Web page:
Home » Aviation » Video: Successful F-35, SM-6 Live Fire Test Points to Expansion in Networked Naval Warfare

Video: Successful F-35, SM-6 Live Fire Test Points to Expansion in Networked Naval Warfare

The Navy conducts its first live fire demonstration to successfully test the integration of F-35 with existing Naval Integrated Fire Control-Counter Air architecture, Sept. 12, 2016. US Navy Photo

The Navy conducts its first live fire demonstration to successfully test the integration of F-35 with existing Naval Integrated Fire Control-Counter Air architecture, Sept. 12, 2016. US Navy Photo

A Monday test pairing a Lockheed Martin F-35B Lighting II Joint Strike Fighter (JSF) with an Aegis Combat System armed with a Raytheon Standard Missile-6 is the latest step in expanding how the Navy and Marine Corps will share data on future battlefields.

Using targeting information transmitted from the Marine Corps F-35B, the Navy’s Aegis test site at the White Sands Missile Range, New Mexico launched an SM-6 anti-air missile and struck a Beechcraft MQM-107 target representing an adversarial fighter.

“The way I’d describe it was a center of mass hit,” said Dana Potts with Lockheed Martin said in a Tuesday conference call with reporters.
“It absolutely disintegrated the target.”

The unmodified F-35 picked up the target with its own sensors and routed the track via the fighter’s Multifunction Advanced Data Link (MADL pronounced: MAHdel) to the Navy’s USS Desert Ship (LLS-1) test platform running the Baseline 9 Aegis Combat System. Lockheed and the Navy attached a MADL antenna to the combat system to receive the track information that fed the information to the SM-6.

The test is an expansion of the Navy’s Naval Integrated Fire Control-Counter Air concept (NIFC-CA) – a scheme designed to tie together data from the ships and aircraft in a carrier strike group to create a network of sensors and shooters – a proverbial kill web.

For example, targeting data collected from a Northrop Grumman E-2D Advanced Hawkeye can be beamed to a guided missile cruiser or destroyer in the strike group. That ship could then launch an SM-6 at the target only using the E-2s track and not its own radar.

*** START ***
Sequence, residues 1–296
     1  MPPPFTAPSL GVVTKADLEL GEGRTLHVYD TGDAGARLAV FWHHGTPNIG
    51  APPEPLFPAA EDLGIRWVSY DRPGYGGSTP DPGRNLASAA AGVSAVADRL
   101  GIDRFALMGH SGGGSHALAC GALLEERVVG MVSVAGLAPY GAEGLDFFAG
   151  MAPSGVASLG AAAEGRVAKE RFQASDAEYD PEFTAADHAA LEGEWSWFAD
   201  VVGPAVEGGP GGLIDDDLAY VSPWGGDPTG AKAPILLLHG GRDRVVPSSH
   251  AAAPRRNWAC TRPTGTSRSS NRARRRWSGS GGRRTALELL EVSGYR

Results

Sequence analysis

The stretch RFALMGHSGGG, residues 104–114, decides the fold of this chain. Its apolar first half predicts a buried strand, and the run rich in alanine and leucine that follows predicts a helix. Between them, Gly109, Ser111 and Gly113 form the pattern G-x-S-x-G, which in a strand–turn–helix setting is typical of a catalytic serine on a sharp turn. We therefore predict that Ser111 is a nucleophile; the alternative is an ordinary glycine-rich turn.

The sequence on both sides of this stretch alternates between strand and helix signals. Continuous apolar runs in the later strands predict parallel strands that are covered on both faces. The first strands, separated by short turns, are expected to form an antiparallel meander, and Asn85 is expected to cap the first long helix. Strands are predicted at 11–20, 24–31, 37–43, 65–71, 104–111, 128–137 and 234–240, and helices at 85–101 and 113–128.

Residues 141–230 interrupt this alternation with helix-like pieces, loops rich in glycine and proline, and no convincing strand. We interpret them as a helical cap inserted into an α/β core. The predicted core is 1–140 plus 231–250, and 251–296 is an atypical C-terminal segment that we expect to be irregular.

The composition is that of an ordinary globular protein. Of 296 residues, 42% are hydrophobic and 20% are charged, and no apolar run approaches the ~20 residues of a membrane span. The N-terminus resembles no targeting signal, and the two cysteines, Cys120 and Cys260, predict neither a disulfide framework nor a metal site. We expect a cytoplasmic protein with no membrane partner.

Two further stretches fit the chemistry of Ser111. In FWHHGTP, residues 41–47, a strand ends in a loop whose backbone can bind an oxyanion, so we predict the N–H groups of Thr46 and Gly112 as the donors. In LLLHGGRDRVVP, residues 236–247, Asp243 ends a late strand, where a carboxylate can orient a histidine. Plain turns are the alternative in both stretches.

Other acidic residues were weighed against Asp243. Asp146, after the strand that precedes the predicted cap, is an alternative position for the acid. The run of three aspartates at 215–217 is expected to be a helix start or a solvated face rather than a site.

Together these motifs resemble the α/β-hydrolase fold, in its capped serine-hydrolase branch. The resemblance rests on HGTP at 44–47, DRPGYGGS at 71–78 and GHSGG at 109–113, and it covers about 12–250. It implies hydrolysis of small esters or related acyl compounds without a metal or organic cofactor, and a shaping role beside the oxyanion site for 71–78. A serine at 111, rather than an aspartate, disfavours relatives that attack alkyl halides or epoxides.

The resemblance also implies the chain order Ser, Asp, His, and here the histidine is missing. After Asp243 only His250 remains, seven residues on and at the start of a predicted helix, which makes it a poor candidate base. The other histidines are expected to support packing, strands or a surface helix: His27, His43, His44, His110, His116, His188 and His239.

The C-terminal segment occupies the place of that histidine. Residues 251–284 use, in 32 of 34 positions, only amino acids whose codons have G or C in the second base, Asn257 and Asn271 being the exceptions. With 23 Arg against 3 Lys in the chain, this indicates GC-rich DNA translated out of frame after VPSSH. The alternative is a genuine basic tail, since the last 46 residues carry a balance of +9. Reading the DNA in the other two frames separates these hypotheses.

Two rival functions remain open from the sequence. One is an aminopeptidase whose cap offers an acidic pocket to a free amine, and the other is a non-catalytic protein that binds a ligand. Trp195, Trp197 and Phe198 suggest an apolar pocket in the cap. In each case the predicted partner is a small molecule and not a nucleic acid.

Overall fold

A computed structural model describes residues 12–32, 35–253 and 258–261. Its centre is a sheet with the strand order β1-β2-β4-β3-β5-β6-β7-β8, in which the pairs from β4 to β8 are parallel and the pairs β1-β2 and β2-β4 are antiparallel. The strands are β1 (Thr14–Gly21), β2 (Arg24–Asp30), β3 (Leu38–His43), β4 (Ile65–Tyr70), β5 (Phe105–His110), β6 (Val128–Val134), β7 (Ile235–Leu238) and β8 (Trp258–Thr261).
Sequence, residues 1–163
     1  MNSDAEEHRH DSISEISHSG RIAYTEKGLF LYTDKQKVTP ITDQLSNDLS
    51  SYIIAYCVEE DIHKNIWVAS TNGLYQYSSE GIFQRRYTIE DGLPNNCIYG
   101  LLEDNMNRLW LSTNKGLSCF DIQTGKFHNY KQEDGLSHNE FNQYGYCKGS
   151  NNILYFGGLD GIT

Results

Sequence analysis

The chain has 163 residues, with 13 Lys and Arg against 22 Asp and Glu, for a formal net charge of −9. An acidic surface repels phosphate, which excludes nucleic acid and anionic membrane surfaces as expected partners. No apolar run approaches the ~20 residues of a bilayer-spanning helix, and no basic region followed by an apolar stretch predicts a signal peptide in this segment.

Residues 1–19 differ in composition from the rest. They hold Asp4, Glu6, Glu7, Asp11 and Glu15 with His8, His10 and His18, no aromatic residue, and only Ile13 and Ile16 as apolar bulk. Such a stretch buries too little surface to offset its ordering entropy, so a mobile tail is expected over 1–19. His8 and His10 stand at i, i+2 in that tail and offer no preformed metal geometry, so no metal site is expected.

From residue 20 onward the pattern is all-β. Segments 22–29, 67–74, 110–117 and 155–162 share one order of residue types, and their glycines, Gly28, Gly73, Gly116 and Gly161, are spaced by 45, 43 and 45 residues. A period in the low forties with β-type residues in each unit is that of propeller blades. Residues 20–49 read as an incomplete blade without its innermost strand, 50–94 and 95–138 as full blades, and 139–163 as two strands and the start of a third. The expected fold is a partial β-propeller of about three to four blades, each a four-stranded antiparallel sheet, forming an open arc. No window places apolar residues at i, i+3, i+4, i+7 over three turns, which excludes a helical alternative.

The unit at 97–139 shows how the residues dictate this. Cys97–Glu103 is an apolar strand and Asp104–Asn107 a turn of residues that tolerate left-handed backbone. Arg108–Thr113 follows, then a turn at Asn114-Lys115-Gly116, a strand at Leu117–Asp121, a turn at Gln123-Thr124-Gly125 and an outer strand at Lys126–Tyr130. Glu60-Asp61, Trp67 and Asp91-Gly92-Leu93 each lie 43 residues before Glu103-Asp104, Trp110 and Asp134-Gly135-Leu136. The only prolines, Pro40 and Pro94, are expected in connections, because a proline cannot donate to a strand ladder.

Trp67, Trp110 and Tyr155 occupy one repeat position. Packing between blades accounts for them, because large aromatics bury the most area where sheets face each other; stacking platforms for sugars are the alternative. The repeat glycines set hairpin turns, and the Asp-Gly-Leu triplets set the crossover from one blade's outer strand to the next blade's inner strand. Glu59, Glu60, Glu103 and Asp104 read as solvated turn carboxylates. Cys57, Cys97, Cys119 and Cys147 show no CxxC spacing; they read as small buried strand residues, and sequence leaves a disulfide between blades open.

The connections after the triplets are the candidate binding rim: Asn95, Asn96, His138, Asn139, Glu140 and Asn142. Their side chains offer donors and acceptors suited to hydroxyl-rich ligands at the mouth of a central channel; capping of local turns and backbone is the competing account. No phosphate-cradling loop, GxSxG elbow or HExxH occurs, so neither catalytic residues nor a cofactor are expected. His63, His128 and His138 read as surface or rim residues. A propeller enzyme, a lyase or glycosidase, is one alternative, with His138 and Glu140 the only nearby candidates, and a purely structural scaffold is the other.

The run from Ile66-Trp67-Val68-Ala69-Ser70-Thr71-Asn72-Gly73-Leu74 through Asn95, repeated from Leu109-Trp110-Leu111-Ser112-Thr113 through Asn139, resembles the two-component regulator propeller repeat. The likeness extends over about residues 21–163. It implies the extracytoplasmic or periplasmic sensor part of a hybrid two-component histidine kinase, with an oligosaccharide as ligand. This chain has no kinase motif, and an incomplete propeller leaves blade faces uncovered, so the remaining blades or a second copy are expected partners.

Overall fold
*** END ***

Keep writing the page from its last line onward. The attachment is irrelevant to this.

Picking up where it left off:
For now, the E-2D remains the key node in the NIFC-CA program-of-record acting as the quarterback for the carrier’s air war but Monday’s test shows the Navy the art of the possible, said Anant Patel, major program manager for future combat systems in the Program Executive Office for Integrated Warfare Systems (PEO IWS) said in the conference call.

“This was a demonstration to show that within the NIFC-CA architecture we can add another sensor. As long as it meets the quality of service, we can engage the target,” Patel said.
“We have F-18s, F-35s all of those sensors we have to consider and that’s a future effort we’re going to have to do as part of our NIFC-CA capability growth.”

The addition of the MADL to the mix of the program of record links NIFC-CA now uses – like Cooperative Engagement Capability (CEC) and Link-16 – the test is a move away from a carrier-centric construct.

F-35 and NIFC-CA

An artist's conception of the F-35 test. Lockheed Martin Image

An artist’s conception of the F-35 test. Lockheed Martin Image

While the F-35 is billed and branded as a strike fighter, it also possesses a little discussed electronic warfare capability that gives it an exceptional awareness of its surroundings.

To that end NIFC-CA has included F-35 as a planned sensor node in carrier strike group model – acting as a stealthy forward arm but that would route targeting information back to the CSG through the E-2, USNI News reported in 2014.

However, using MADL direct to the Aegis ships weren’t part of the plan.

The difficult to detect and intercept MADL was designed for F-35s to talk to F-35s and not intended to share information beyond other JSFs, Bran Clark, a retired Navy officer, the former special assistant to the Chief of Naval Operations (CNO) and now a senior fellow at CSBA, told USNI News on Tuesday.

“Originally we didn’t think F-35s would use through datalinks directly to ships… This gives them the ability to talk directly to the ship with a very hard to detect very hard to jam MADL link,” Clark said.